Scenario 2: Mrs Jones on the other hand teaches in one of England’s more deprived area. She loves her job and is determined to help her students. Due to funding cuts, she is given a class of 28. 3 students have Asperger’s syndrome, 5 are severely dyslexic, 1 has kidney problems and is in hospital on a regular basis, one is a single parent and 2 other students are in care. Mrs Jones works her a*** off to put on extra classes during lunch times and after school. She marks several drafts of essays to ensure that the students have grasped the subject. She also has issues with behaviour and attendance is poor despite her best efforts to phone home and retain them. The students sit their exam (with 1 not showing up because he’s in court). They achieve C, D and E grades.

The Baz J performance scale would then suggest that lazy Mr Smith gets rewarded for sitting on his backside. Mrs Jones’ pay however remains the same and gets hit with a warning by management despite having three times as much work to do and puts in extra hours to get the students to actually gain a qualification. How is that fair? Performance related pay needs to be carefully thought about and could only really be applied to the teachers performance in work rather than purely on grades.

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Well I am assuming you are a teacher as you have so much time to write long and detailed responses.... the crux of the matter is that teachers already get a fair wage and an above average fair wage in a lot of cases. They get lots of holidays in which they don't all do school work (some have second jobs in the summer or go off on jollys like everyone else) If they did work in the holidays; strike then, it would get more public support than screwing up everyone elses work life balance.

 

and as for pay and pensions; it isn't wrong to say that even after pay freezes and pension changes they will still be better off than a hell of a lot of people working in the private sector who do not get the opportunity to retire at 55 or 60

 

Now we obviously are going to disagree no matter what so I will leave my opinion at that

 

Regards

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Baz, it's 6pm so I think it is safe to say that I can post without being labeled as lazy.

 

Teachers coming into education now will be very lucky to retire at that age. I know that I certainly wont be.

 

The strike isn't just about pensions, it is also to do with workload and conditions. I can certainly relate to Mrs Jones so all that I can really do is to stick it out until I can't take any more. My argument became more about the generalisations that you make about teachers and wasn't really in retaliation to your point about pensions. Either way, teaching is so broad that for some teachers, the salary and holidays can easily be justified. For others, it can't. That is my opinion.

 

No hard feelings and I don't actually think that you are a pervert :wink:

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 Apparently the average is almost £32,000 which happens to be the same as a teacher with the top being more than what a teacher could earn on their pay scale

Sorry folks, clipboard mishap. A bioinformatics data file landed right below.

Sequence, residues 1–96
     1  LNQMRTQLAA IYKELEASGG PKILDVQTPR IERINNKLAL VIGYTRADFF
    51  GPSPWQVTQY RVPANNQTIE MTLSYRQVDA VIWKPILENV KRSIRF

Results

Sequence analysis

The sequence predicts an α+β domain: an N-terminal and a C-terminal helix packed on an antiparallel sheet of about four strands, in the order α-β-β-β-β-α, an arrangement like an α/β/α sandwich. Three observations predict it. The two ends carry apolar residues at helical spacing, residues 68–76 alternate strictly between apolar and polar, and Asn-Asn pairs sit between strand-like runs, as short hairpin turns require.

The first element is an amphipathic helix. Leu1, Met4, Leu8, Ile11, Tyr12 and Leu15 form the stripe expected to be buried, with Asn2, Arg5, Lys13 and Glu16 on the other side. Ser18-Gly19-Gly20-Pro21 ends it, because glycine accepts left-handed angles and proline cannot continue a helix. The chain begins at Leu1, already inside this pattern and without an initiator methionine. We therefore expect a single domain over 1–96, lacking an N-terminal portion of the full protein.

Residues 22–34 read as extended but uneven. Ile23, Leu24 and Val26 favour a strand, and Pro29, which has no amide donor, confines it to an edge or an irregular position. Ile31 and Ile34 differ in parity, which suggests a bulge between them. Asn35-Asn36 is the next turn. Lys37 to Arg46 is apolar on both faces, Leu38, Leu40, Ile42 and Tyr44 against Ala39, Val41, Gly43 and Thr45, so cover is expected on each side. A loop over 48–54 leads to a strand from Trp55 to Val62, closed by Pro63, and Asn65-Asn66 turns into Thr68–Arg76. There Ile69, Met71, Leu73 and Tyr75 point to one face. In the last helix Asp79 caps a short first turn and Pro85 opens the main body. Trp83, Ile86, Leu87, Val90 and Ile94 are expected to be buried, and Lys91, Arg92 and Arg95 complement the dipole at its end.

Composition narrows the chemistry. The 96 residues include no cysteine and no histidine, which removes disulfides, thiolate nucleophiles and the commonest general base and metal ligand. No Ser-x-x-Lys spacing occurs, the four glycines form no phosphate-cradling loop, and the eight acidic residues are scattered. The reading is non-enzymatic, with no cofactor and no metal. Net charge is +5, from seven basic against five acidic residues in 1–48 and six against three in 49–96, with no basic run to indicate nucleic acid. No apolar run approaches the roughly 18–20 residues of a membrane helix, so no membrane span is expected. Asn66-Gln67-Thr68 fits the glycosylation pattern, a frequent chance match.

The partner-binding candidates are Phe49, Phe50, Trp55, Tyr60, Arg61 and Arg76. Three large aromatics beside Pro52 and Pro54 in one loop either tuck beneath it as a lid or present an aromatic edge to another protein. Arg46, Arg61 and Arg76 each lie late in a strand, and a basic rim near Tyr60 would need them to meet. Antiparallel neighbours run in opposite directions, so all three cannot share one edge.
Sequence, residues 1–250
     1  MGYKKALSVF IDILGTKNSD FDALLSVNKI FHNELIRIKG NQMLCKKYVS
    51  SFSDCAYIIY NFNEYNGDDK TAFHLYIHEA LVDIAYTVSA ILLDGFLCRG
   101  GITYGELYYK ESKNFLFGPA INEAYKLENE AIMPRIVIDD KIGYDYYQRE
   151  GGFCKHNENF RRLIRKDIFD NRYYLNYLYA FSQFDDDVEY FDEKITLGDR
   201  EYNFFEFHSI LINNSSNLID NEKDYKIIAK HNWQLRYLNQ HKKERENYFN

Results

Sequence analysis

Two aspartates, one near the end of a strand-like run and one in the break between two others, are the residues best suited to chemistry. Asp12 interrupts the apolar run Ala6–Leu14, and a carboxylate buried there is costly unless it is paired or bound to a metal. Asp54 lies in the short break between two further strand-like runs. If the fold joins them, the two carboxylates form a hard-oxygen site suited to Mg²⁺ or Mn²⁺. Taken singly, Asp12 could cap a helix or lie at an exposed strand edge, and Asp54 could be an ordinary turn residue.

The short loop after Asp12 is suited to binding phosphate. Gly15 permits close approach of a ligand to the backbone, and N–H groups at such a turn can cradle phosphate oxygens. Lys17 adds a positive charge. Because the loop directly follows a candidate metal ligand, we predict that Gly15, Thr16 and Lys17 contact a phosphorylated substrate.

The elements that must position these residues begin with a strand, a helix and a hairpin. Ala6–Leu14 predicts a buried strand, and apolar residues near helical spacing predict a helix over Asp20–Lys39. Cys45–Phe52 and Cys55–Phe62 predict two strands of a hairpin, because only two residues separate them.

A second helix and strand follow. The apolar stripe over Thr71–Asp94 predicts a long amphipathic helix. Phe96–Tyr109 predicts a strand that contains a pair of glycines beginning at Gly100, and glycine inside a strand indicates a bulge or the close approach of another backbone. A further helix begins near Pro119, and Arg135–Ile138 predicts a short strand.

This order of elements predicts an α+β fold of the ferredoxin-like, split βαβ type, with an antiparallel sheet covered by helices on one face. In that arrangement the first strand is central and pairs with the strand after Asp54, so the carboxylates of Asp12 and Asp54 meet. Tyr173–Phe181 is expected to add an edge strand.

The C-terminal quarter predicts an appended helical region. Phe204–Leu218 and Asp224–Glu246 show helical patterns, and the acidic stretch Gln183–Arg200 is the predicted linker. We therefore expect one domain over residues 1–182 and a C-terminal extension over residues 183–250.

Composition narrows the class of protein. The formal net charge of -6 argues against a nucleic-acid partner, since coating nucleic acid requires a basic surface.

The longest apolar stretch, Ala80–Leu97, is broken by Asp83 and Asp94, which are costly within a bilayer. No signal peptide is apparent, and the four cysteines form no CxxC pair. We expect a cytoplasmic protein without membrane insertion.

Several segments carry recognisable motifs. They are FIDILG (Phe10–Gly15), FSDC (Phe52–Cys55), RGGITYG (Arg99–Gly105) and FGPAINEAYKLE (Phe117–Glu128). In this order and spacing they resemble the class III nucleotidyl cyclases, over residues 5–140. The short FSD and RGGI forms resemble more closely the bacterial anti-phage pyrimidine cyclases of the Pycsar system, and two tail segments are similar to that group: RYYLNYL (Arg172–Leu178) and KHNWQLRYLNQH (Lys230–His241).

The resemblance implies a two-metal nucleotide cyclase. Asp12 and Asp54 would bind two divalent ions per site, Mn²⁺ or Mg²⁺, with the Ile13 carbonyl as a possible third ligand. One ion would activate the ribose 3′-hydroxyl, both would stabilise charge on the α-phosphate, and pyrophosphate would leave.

You make a good point sadako, To earn that as a teacher you would need to have been teaching for at least 7 years and have a degree, whereas you could become an electrician with just a GCSE in home economics. :wink:

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You make a good point sadako, To earn that as a teacher you would need to have been teaching for at least 7 years and have a degree, whereas you could become an electrician with just a GCSE in home economics. :wink:

 

shows how un-educated you are then Wolfie my old chap.... I did a five year apprenticeship and two years on site before gaining approved electrician status. A further two years two years would get technician status and then you have the on going training to meet new standards in testing and certification (often self-funded).... unlike primary school teachers of course where you just get to play all day and high school teachers who now give kids photocopied sheets (instead of actually getting them to write stuff) and the biggest bonus of all.... The internet.

 

Many pre-planned lessons are available to download for use on Smartboards which all meet current keystage standards.... just download them, add a bit of your own text here and there and then save them to re-play year on year in Smarts own notebook software...

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and I don't actually think that you are a pervert

 

aww thanks... means a lot! :wink:

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my old chap.... I did a five year apprenticeship and two years on site before gaining approved electrician status. ,

I think you are the old chap Baz, 5 year apprenticeships were scrapped in 1970. and methinks you are over qualified. I've worked with hundreds of electricians over the years, none of em have got as much as a school leaving certificate between them. The biggest problem they ever had was deciding what size cable to use.

I served my time as an Instrument tiffy, served 4 years apprenticeship and went straight out and worked on the oil rigs, Albrights, ICI and then my own business (yes as managing director :wink: ) calibrating autoclaves mainly for hospitals and I haven't even got an NVQ level 2.

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OK even though the dick fencing can be very amusing I feel that the most pertinent point to be raised in the previous posts is that if it is indeed true that teachers do work so hard during the school holidays, how come none of their strikes ever take place during one?

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Honestly a one day strike and the world comes to an end.

 

When I were a lad they had proper strikes. They went on strikes for months at a time,pickets outside the gate twenty four hours a day seven days a week, Blackouts when the miners went out on strike for hours at a time.People managed, kids still went to school or got looked after by a relative that was not working so mum and dad could man the picket line or get on with whatever job they could. Most of the time the strikes were announced ten minutes before the workers downed tools and walked out the door.